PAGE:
Community / Opinion

Dana Hall implements non-punitive drug and alcohol response

Dana Hall has begun a non-punitive drug and alcohol response, which allows students to reach out to Dana if they or their friends are facing drug, alcohol, or tobacco problems. This response is another excellent way that Dana can support its students, and I hope that Dana will fully live up to its promise to the students. It is imperative that Dana either publicly announces this response to students or has it discussed in Forum classes.

While the zero tolerance policy toward drug and alcohol use continues, the non-punitive response is intended for “students to seek help for themselves or for a fellow student without the threat of a disciplinary response when they have concerns about alcohol, tobacco or other drug use,” according to the student handbook. While the non-punitive response can be found in the 2015-2016 student and parent handbook, how many of us have fully read the entire student handbook? Let’s be honest: none. The school needs to publicize the response in addition to recording it in the handbook.

C.C Dent ’18 believes the response “is a good addition to the handbook because it is thinking about the safety of the student as well as the misuse of the substance.” Another student (who wishes to remain anonymous) stated that the non-punitive response “sounds like a way better system than a punitive one since you have the ability to ask for help when you know you have a problem.”

The non-punitive response’s purpose is to make students aware that if they or their friends are putting themselves in danger of drugs or alcohol, they can reach out to an adult in the community who will assist in providing help, and neither student will receive a disciplinary response. Punitive means “intended as punishment”; therefore, the name states that it is a policy in which a student, seeking help for herself or for another student, will not receive punishment for the use of drugs or alcohol if she asks for help. Similar to any other policy at Dana, the school has the right to determine whether a student is attempting to manipulate the disciplinary system with the non-punitive response.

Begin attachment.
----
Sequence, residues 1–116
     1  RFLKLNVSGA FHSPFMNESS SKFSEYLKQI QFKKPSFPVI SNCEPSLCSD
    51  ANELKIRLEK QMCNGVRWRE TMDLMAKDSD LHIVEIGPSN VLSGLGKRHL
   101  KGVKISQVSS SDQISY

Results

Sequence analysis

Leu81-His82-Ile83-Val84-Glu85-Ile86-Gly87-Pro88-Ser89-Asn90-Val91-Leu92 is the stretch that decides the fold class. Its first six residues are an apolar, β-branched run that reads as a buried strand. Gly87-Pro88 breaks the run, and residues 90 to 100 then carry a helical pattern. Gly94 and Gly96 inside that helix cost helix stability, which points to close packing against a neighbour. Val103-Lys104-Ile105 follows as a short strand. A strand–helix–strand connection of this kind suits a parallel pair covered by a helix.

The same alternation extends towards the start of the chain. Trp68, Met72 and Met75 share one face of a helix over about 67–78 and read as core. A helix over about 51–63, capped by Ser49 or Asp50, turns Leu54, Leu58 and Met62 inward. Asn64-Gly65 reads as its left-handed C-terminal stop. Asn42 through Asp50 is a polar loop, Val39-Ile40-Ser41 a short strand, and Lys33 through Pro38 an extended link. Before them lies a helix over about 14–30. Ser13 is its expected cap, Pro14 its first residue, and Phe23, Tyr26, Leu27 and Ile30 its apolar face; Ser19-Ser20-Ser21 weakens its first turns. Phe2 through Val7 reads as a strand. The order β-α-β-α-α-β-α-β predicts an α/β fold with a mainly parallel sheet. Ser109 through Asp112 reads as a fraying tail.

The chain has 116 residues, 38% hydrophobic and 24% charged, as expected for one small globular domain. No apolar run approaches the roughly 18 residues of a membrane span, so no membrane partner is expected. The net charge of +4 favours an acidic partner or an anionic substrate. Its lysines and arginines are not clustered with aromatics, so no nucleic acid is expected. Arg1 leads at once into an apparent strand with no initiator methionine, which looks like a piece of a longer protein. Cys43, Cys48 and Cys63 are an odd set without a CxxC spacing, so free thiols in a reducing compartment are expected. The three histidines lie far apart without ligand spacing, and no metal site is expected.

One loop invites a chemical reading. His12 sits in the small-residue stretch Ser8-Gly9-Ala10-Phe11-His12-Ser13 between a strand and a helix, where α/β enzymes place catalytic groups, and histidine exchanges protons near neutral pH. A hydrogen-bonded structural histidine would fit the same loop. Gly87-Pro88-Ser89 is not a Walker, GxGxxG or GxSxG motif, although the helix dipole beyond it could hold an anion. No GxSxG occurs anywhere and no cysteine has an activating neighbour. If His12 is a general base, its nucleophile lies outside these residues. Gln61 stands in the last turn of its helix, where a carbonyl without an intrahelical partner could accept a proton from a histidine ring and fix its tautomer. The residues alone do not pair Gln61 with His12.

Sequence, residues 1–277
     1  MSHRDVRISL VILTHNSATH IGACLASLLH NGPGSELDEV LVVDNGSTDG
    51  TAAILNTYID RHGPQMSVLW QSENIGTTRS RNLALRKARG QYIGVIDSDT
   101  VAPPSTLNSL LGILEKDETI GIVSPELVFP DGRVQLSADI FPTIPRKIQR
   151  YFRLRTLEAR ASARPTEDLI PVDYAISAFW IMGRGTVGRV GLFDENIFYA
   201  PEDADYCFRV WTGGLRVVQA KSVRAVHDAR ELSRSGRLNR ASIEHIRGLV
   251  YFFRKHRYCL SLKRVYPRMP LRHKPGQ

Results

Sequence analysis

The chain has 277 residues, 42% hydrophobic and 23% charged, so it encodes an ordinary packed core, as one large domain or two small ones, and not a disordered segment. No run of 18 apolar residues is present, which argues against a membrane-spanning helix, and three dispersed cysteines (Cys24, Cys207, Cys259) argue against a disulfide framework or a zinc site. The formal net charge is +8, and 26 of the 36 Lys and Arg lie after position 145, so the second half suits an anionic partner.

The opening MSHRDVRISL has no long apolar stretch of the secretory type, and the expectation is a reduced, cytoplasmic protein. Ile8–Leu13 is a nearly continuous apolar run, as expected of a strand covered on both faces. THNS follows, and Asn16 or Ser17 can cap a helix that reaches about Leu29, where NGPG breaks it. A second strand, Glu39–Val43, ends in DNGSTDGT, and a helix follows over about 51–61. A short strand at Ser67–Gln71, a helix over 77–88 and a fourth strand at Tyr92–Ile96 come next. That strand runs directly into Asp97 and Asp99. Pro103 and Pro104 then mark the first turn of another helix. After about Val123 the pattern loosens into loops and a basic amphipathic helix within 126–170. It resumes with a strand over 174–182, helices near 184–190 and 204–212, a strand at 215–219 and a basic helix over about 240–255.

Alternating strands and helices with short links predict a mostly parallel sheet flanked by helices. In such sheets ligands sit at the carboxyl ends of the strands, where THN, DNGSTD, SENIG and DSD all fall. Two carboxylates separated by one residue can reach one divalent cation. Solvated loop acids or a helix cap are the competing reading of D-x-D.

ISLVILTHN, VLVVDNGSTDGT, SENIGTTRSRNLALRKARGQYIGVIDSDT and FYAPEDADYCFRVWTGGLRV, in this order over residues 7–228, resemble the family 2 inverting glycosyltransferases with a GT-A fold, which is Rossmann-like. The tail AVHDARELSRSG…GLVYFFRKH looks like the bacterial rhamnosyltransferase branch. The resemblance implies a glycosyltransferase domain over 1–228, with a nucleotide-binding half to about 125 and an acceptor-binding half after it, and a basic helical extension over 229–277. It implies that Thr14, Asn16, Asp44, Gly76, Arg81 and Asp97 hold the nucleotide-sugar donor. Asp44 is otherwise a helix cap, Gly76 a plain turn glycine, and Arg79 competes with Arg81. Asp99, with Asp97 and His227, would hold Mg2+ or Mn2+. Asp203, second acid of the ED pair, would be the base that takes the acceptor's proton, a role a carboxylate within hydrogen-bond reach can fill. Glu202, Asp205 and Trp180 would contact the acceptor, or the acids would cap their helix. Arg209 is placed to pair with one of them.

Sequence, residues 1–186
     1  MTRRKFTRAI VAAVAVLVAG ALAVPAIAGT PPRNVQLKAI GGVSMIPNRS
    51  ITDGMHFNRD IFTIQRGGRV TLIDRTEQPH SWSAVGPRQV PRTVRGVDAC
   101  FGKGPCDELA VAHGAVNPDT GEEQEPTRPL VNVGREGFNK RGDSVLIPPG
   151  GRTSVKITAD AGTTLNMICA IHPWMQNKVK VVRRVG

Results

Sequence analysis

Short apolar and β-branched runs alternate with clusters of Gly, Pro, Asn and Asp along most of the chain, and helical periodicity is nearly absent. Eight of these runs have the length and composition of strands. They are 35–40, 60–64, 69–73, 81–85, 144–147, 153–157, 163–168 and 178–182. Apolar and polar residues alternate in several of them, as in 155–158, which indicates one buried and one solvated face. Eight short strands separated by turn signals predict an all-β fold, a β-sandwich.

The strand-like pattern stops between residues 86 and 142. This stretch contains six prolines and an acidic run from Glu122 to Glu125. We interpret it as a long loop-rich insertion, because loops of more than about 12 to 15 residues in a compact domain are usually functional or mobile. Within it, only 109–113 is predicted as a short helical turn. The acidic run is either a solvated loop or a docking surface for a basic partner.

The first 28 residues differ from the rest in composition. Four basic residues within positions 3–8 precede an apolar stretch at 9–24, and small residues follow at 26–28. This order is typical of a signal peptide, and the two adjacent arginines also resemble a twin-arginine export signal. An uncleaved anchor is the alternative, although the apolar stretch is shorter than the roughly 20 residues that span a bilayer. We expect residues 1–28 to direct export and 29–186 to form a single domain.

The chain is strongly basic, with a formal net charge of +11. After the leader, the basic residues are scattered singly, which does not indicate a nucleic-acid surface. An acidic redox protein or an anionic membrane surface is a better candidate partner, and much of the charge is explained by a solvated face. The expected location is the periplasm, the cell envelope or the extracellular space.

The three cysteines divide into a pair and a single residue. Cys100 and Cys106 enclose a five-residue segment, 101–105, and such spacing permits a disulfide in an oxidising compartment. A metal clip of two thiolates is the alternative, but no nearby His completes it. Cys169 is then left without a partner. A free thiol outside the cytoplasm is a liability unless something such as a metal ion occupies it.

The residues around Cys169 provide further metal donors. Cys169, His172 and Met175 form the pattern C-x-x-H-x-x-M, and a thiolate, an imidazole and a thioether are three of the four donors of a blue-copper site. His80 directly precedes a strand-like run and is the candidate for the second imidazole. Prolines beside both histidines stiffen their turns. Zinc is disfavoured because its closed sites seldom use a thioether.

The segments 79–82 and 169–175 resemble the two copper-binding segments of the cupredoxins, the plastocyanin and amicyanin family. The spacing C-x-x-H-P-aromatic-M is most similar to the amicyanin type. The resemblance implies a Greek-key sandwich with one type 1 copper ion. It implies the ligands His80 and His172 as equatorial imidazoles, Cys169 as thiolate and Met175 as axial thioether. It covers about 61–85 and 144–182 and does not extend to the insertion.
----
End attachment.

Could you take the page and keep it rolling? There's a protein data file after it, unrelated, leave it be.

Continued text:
The student in need of support should be aware that her parent(s) or guardian(s) will be notified and that a nurse in the Health Center will evaluate her for medical conditions; the school will then determine a plan of support.

My Junior Forum class recently watched a heartbreaking documentary about a boy who graduated from Deerfield and then died of alcohol poisoning in his first month at the University of Colorado. Hours after help that would have saved this boy’s life, a fraternity brother found him lying on his stomach on the house’s floor. This tragedy could happen anywhere, even in the safe community of Wellesley, and high schoolers must start to learn to be upstanders instead of bystanders when their peers become involved with drugs and alcohol to excess. This Forum class would have been the perfect time to discuss the non-punitive response, but it was never brought up. Discussing this response with students is critical, since hardly anyone knows of the policy. How will it do any good without it being publicized?

“We [Dana Hall] are not naive; we know there is a culture [of drinking] in high school, but students should learn to make safe, healthy, and good decisions,” stated Dean of Students Ms. Kristin Ryan. “But the [non-punitive[ response is important to put into place so [students] know that they can receive help.”

While I believe that the non-punitive response is one of the many great ways that Dana supports its students, I can only hope that when students are out of the Dana bubble, they remember the effect that alcohol and drugs can have on one’s body and life, and to never be afraid to make the right decision.

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